Saturday, September 17, 2011
It's Constitution Day - September 17 - and federal law mandates that
Each educational institution that receives Federal funds for a fiscal year shall hold an educational program on the United States Constitution on September 17 of such year for the students served by the educational institution
Department of Education regulations provide that the law
requires that Constitution Day be held on September 17 of each year, commemorating the September 17, 1787 signing of the Constitution. However, when September 17 falls on a Saturday, Sunday, or holiday, Constitution Day shall be held during the preceding or following week.
Today (or next week) might be a good time to discuss the relationship of the Constitution's text and its interpretation, especially given the popular rhetoric concerning "strict constructionism." A possible prompt might be the Eleventh Amendment:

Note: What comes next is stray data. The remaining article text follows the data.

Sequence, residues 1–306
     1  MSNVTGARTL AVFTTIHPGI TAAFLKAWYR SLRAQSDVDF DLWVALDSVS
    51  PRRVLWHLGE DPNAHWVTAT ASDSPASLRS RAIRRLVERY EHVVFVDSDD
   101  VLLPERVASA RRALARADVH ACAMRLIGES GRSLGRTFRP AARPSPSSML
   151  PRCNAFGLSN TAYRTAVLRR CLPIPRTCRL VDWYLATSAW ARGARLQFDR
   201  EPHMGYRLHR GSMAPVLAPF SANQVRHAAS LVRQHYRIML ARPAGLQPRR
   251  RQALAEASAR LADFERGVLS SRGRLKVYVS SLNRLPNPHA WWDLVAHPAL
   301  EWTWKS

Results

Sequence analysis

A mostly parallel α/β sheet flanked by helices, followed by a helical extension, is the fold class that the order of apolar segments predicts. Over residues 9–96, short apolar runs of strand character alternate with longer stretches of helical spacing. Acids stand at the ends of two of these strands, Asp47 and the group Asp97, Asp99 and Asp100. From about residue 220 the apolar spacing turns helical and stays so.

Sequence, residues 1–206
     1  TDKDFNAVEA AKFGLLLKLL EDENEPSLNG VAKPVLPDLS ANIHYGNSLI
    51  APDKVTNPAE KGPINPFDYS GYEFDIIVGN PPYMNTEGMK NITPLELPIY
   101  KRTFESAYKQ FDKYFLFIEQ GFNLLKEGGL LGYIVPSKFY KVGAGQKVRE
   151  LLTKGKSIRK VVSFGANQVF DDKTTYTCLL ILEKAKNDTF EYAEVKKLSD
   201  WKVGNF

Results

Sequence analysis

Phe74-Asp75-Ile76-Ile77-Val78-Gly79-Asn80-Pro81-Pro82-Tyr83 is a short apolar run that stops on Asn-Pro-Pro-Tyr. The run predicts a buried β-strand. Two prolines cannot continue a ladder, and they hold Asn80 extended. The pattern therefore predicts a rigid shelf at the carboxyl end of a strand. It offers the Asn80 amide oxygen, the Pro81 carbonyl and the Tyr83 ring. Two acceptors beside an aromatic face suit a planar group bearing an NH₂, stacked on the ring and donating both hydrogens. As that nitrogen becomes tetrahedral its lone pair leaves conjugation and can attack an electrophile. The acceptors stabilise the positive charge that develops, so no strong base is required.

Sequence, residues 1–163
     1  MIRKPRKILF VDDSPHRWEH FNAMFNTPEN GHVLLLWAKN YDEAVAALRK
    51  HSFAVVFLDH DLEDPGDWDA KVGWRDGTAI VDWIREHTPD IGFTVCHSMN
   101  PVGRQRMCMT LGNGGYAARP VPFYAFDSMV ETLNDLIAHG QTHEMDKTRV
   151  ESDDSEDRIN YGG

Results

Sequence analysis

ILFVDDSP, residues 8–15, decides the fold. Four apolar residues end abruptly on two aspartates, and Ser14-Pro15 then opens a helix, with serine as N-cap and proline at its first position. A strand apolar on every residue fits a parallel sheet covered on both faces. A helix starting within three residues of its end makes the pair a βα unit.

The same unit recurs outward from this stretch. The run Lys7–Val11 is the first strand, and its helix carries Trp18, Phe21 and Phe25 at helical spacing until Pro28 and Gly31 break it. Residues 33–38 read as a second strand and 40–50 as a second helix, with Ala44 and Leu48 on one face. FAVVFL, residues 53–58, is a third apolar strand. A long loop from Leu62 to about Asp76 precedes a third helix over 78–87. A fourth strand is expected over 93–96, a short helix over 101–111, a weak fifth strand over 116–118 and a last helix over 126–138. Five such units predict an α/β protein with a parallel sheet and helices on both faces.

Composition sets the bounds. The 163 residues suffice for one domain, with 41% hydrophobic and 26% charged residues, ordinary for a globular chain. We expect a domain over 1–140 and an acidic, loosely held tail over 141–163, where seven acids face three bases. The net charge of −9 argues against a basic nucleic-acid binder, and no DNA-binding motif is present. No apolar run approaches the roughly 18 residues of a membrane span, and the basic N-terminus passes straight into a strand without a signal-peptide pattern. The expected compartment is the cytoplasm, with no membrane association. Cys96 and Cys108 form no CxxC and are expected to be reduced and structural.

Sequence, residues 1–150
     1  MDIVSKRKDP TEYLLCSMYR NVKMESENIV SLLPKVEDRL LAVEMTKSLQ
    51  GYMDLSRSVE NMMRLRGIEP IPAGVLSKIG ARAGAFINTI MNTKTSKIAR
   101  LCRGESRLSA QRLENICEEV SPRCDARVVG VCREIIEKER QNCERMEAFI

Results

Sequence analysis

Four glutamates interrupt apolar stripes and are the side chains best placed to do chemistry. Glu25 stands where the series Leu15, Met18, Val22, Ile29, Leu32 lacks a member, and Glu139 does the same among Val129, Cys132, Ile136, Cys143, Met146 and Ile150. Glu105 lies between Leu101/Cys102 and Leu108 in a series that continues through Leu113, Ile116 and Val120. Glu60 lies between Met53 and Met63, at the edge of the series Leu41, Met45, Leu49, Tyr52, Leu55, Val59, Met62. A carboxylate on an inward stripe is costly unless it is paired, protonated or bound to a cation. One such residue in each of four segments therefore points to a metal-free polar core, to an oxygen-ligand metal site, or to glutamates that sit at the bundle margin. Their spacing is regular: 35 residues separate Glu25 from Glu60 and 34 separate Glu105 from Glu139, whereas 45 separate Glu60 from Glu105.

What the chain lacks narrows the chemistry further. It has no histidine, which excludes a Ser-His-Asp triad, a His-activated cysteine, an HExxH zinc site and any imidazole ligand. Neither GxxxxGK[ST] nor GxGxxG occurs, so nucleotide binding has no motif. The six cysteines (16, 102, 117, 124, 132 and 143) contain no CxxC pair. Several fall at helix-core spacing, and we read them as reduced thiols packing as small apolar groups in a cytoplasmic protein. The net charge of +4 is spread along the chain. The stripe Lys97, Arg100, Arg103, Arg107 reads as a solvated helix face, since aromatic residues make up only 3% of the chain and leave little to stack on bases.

The Judicial power of the United States shall not be construed to extend to any suit in law or equity, commenced or prosecuted against one of the United States by Citizens of another State, or by Citizens or Subjects of any Foreign State.
In divided opinions, the Court has repeatedly stated it will not engage in "blind reliance" upon the text of the Constitution regarding the Amendment, see e.g., Alden v. Maine (1999).
[image: Eleventh Amendment via National Archives]